Hizbollah managed to forge a coalition to back Najib Mikati after bringing down the government of the pro-American Saad Hariri two weeks ago.

President Barack Obama is likely to retaliate by suspending some or all of its aid to Beirut. The US administration had earmarked $246 million (£156 million) in support this year, including $100 million (£63 million) in military aid and $37 million (£23 million) for counter-terrorism operations.

Hizbollah, which is financially backed by Iran and Syria, is listed as a terrorist entity by Washington.

Mrs Clinton, the US secretary of state, said the power shift would "clearly have an impact on our bilateral relationship."

Israel, which already has Hizbollah ally Hamas on one side, will also be concerned by a Hizbollah-led government likely to insist on a more confrontational approach in the region.

Mr Mikati's appointment, secured after 68 out of 125 members of parliament expressed their support, sparked a "day of rage" in Lebanon, with crowds in Beruit and towns across the north of the country blocking roads, setting tyres on fire and ransacking the offices of a prominent supporter of the new prime minister.

Mr Mikati and the man he replaced, Mr Hariri, are both Sunnis, and the protesters mocked Mr Mikati as a "traitor" for agreeing to work with Hizbollah, an Iranian-backed Shia militant group.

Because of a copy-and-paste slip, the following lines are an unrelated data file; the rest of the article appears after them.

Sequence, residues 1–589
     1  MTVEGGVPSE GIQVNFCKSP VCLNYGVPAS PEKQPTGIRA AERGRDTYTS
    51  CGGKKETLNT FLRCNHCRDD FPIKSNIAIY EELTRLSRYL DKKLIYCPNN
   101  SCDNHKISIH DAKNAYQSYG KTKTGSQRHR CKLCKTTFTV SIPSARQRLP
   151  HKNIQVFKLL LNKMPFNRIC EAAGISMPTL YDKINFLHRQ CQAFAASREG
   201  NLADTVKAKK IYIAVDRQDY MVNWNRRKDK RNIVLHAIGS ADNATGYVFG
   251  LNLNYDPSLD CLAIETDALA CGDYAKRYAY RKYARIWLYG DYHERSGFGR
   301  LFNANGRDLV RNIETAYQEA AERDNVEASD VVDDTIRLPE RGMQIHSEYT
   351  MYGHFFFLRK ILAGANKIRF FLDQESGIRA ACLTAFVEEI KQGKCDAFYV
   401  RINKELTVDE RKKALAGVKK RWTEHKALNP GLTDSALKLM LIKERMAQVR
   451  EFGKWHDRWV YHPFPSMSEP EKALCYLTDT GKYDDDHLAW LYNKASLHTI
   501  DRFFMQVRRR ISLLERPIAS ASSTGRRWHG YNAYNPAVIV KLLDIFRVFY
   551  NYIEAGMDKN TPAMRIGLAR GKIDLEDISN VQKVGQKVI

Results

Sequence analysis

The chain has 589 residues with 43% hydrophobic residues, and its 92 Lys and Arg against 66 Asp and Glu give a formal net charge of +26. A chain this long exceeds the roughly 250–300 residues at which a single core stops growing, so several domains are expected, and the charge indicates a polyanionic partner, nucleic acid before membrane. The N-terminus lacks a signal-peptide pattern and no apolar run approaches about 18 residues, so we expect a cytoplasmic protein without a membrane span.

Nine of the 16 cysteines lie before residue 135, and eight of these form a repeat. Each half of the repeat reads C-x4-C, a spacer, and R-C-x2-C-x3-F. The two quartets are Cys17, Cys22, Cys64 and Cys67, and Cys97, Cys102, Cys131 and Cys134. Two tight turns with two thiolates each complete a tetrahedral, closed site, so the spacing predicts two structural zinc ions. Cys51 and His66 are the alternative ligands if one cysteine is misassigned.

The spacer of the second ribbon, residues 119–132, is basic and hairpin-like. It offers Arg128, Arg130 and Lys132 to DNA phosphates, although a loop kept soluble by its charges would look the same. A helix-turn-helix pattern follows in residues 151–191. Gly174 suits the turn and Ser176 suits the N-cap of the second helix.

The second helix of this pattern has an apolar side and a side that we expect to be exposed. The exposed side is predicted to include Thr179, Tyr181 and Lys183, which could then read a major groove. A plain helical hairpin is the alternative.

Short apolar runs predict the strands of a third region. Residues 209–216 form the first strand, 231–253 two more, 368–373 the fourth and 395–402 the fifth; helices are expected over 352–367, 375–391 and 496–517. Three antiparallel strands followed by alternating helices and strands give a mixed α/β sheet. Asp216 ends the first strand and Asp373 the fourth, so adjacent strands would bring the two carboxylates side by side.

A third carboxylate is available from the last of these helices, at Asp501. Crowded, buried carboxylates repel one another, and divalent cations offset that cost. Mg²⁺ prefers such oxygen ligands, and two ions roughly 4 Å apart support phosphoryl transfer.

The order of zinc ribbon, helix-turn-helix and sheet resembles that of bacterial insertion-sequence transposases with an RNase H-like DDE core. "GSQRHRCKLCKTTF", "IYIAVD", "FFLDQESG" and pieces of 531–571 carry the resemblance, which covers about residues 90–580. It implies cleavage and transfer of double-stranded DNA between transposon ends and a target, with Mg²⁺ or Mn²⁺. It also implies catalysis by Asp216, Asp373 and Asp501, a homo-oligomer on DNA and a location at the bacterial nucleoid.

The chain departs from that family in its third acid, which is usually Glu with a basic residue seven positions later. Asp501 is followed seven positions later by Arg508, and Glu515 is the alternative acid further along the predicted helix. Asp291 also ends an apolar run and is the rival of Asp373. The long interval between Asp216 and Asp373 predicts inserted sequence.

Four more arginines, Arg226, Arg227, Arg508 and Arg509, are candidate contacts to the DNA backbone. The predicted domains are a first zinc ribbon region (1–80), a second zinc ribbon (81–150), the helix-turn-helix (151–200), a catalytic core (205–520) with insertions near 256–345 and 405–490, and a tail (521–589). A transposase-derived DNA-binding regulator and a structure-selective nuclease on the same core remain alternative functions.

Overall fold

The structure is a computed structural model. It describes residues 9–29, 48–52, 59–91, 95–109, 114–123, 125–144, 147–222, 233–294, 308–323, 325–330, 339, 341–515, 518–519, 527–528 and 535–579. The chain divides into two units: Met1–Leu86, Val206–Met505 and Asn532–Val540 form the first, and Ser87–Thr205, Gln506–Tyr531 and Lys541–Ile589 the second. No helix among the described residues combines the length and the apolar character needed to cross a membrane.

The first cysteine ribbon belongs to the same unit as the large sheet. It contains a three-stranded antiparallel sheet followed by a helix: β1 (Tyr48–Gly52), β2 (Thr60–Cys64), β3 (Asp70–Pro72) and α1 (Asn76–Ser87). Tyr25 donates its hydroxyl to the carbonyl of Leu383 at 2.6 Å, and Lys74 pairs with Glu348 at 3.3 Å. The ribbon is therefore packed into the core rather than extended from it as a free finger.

"They are taking us for idiots," said a Rana Fatfat, a Sunni lawyer at a protest. "We will fight them through sit-ins and peaceful protests because we cannot match their military might."

The latest resurgence in Lebanon's bitter, long-running political and civil strife follows Mr Hariri's refusal to disavow a United Nations special tribunal investigating the murder of his father, Rafiq, another billionaire former prime minister.

Mr Hariri senior was killed by a car bomb in 2005, which at the time was widely blamed on Syria. The tribunal is expected to indict Hizbollah members as having carried out the killing.

Mr Mikati will spearhead a policy of non-cooperation with the tribunal however.

Hizbollah's triumph in securing power lay not just in withdrawing 11 sympathetic cabinet members from Mr Hariri's government but in persuading Walid Jumblatt, the long-standing leader of the Druze minority in Lebanon, to switch the votes of his MPs.